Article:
Historically, JD-MBA grads have gone into Corporate America, finance, or consulting, using their legal background as a support in their business careers. But we predict that the next generation of GCs at major corporations will be JD-MBAs.
We are starting to see this happen. For example, the new GC of State Farm, Steve McManus, has a JD/MBA. GCs today are expected to be great business leaders who understand the law, Bodhala founder Raj Goyle said in a recent speech at Harvard Law School. “The disruptive power of technology is finally coming to bear on this profession that’s been the same for quite some time.”
With this disruptive power comes a need for business-savvy GCs who run the legal function based on data and analytics. The legal department is now expected to be run as a business, and GCs with JD-MBAs have the skills to make that happen.
A similar shift to MD-MBAs has happened in medicine.
As explained by NPR, “It’s hoped a new crop of dual-degreed physicians…will spot inefficiencies, develop new practices and upturn business as usual, ultimately leading the U.S. towards better care at lower costs.”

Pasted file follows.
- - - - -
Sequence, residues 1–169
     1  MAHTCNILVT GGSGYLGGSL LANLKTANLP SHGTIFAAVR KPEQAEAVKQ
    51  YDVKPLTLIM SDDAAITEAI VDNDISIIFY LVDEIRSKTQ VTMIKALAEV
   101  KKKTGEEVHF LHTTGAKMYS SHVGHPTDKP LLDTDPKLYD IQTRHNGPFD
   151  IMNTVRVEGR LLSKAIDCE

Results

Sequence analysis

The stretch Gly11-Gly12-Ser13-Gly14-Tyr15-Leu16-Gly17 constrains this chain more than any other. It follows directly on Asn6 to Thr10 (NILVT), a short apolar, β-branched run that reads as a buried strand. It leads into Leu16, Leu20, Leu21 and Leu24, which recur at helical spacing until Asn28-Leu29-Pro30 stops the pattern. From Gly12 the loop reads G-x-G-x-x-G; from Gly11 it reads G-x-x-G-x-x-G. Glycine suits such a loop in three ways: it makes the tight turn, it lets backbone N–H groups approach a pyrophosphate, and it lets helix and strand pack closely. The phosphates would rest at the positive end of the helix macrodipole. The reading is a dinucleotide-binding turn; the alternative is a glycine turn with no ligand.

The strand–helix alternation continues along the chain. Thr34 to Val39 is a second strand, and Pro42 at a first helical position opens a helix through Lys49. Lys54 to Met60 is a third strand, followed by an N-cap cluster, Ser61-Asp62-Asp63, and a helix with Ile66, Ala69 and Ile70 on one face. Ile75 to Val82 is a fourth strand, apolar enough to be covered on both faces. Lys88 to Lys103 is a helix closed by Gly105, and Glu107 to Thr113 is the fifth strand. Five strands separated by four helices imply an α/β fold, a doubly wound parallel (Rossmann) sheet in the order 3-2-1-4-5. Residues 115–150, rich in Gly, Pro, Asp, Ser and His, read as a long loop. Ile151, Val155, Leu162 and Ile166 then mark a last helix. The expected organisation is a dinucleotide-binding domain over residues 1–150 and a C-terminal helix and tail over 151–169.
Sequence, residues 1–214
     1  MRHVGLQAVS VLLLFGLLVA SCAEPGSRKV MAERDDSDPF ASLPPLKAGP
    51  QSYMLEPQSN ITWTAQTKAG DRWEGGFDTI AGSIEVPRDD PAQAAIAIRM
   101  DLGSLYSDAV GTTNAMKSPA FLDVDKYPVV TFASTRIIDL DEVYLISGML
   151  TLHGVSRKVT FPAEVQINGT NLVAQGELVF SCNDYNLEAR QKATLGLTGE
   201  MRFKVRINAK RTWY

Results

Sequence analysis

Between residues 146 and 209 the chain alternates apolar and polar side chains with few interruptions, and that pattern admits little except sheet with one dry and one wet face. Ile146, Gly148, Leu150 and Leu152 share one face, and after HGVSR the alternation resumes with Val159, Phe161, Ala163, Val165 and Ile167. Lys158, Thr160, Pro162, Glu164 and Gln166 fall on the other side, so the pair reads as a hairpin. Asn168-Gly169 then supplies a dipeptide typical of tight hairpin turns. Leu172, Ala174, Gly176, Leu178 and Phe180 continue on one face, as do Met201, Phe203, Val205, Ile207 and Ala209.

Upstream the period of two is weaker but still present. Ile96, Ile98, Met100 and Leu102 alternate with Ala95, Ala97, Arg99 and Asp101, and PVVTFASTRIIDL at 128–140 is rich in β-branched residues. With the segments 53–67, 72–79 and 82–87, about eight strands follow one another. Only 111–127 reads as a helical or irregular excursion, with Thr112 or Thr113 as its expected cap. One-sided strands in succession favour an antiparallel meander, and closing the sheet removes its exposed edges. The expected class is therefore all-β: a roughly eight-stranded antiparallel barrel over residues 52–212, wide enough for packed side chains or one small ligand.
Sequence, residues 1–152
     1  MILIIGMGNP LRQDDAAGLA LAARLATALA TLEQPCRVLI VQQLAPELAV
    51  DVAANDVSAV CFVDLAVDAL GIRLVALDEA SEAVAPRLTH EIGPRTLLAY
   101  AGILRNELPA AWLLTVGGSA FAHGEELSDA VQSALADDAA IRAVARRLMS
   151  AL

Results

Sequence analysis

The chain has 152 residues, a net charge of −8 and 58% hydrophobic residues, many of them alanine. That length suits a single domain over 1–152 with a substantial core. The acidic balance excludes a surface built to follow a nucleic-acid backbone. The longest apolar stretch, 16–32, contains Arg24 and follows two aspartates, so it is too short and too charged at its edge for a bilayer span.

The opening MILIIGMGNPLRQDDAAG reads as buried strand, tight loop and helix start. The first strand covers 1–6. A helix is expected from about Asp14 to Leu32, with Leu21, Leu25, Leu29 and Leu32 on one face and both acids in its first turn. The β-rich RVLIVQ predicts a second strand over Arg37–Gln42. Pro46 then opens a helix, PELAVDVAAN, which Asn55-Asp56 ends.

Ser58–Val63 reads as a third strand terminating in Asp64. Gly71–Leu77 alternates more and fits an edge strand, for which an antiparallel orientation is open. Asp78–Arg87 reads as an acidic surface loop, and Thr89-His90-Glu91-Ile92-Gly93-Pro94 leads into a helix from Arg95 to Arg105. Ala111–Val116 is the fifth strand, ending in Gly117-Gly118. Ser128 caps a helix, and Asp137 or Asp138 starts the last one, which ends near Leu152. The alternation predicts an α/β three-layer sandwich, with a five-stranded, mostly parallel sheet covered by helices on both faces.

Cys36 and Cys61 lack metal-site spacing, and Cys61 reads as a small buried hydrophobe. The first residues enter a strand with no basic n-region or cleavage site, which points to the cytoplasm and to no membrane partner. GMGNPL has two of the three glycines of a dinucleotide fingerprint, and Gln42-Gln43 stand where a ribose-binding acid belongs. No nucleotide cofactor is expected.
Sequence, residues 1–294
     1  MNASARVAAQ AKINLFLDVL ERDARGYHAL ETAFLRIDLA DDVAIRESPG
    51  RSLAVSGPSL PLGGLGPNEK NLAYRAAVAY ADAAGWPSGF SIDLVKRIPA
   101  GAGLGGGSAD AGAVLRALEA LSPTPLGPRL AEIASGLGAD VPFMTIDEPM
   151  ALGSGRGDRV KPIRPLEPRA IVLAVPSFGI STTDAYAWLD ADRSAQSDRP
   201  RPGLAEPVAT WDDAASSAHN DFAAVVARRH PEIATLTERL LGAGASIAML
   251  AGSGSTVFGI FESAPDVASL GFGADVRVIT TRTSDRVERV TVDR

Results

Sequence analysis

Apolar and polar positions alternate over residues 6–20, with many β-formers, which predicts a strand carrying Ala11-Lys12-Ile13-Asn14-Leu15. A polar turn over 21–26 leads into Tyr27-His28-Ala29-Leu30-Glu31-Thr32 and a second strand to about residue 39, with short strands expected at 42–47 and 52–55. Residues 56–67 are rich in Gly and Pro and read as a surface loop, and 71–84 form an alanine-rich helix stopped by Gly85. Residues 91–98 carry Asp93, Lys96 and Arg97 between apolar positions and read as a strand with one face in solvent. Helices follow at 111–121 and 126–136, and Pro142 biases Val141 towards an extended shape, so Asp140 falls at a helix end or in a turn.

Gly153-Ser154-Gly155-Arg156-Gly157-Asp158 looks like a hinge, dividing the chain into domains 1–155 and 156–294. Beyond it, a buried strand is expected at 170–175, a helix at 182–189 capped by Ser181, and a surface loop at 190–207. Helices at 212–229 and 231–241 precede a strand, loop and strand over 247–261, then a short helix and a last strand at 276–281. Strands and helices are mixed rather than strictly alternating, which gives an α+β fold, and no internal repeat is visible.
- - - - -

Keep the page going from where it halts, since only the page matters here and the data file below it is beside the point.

As happened in medicine, we expect these GCs to be able to innovate like entrepreneurs in managing the budget and talent. They will possess a sensibility that values business as well as law. This is a big shift in a field plagued with inefficiencies like non-transparent pricing and under-utilized talent. These inefficiencies have met a mandate by CEOs and boards to have the legal function handled with business acumen.
Big career opportunities lie in the business of law. Making the nearly half-trillion-dollar industry for legal services run by business principles is a heady challenge.
We expect that those with JD-MBAs will flock to this challenge going forward.